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"...public opinion deserves to be respected as well as despised" G.W.F. Hegel, 'Philosophy of Right'

it's just bad journalism from News Ltd « Previous | |Next »
September 29, 2011

News Ltd's response to the Federal Court judgement handed down in the Bolt case by Judge Mordecai Bromberg is predictable. Freedom of speech (of the media) is at stake here. It's a bad law. This is maintained even though the Racial Discrimination Act, has embedded in it a strong freedom-of-speech defence: insulting or humiliating people because of their race or colour is not unlawful when it is done "reasonably and in good faith" in pursuit of a matter of public interest.

Thus we have this kind of rhetoric from Chris Merritt, the Legal Affairs editor of The Australian, saying:

The court's "Bolt principle" will encourage Australians to see themselves as a nation of tribes - a collection of protected species who are too fragile to cope with robust public discourse....It will limit public debate on the issue of race and lead to public policy that will be dismissed by those whose views are not heard. It will encourage people to see themselves not as Australians but as separate racial groups. By thinking in such racist terms, they will have the advantage of a law that is ridiculously skewed in their favour.

The argument ignores what Bromberg said that the language utilised in the newspaper articles was inflammatory and provocative and that Bolt had got his facts wrong in that the individuals whom he wrote about had been raised with an Aboriginal identity and enculturated as Aboriginal people. Freedom of speech is not an absolute right.

News Ltd covers up the bad journalism by its columnists with its rhetoric about strong journalism causing offence whenever it exposes hypocrisy and Bolt providing the sort of robust exchange our society should expect and defend. This leads the Australian's editorial:

to the inescapable conclusion that the 1995 racial vilification amendments to the Racial Discrimination Act were a step too far for a liberal democracy. At a time when issues of immigration, racial preference and multiculturalism need to be debated in an open and mature manner, these laws have thrown a dangerous blanket over free speech.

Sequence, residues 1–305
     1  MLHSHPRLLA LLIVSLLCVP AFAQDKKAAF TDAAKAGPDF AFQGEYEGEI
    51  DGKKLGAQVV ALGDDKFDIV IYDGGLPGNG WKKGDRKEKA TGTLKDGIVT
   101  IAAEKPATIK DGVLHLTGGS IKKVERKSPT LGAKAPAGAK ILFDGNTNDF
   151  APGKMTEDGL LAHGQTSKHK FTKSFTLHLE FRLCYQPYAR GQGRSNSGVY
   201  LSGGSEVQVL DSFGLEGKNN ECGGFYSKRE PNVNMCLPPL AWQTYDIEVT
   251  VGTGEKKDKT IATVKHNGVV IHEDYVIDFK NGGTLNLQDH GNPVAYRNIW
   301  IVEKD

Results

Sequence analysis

The Labor Government is the problem because it is considering new privacy protections and is pressing ahead with a media inquiry, and this creates an ominous momentum against press liberty. An authoritarian state looms for News Ltd. James Paterson of the IPA agrees:
It is a risky step to grant government the power to decide what can be discussed and debated in a democracy. A free society is best preserved by allowing controversial opinions to flourish in an open debate. Social attitudes change over time, and what government may regard as heretical in one generation may be accepted wisdom in another. Prematurely outlawing discussion on a controversial topic is an attempt by government to freeze social attitudes in time by limiting debate.

This ignores the judgement that Bolt that its okay to interrogate notions of identity and culture but not to make stuff up, present it as fact (he said that Ms Berehndt had a white father, when instead he was, in fact, black) and then be rude about it. The judge found that Bolt's articles contained "erroneous facts, distortions of the truth and inflammatory and provocative language" and the removal of two blog posts and an apology will satisfy Justice Bromberg.

The inference is that journalists (especially those outraged partisans from News Ltd using the bully pulpit) pay a little more attention to getting the facts right and to take responsibility for what and how they write. They should not be deliberately inciteful and untruthful.

The News Ltd position ignores that the right to freedom of expression is limited to its reasonable and good faith exercise having regard to the right of others to be free of offence. The requirement of proportionality does not involve the subjugation of one right over the other and is consistent with achieving a balanced compromise between the two.

Bolt doesn't see it this way of course. He finishes his column thus:

Despite Justice Bromberg's assurances, I feel that writing frankly about multiculturalism, and especially Aboriginal identity, yesterday became too dangerous for any conservative. It's simply safer to stay silent, or write about fluffy puppies instead. And so the multiculturalists win. They win, because no one now dares object for fear of what it will cost them in court. Hope they're satisfied, to win a debate not by argument but fear.

He's lost his freedom. He's been silenced. The problem is that he doesn't address the bad journalism issues Judge Bromberg highlighted---apart from saying, "I also made mistakes, Justice Bromberg said, although none seemed to me to be of consequence." That's how he glosses the errors in fact, distortions of the truth and inflammatory and provocative language" that were deemed to be central to Bromberg's judgment. Bolt doesn't appear to realize that if the appellants had brought a claim against him for defamation, they would have won.

Journalism is subject to the rule of law, even bad, shoddy journalism.

My suspicion is that the knee jerk reaction of many journalists is to side with News Ltd: Bromberg's judgement is an attack on the freedom of expression of the press. The press is going to bleat big time on this without much in the way of self-criticism of its practices of rushed, poorly-researched, partly-informed and partisan opinion commentary that is daily churned out by the Fourth Estate.

An example is Andrew Dodd's position that Bromberg's judgement "limits the kinds of things we can discuss in public and it suggests there are lots of taboo areas where only the meekest forms of reporting would be legally acceptable." It means that journalists cannot ventilate unpopular views openly and have a robust discussion about them.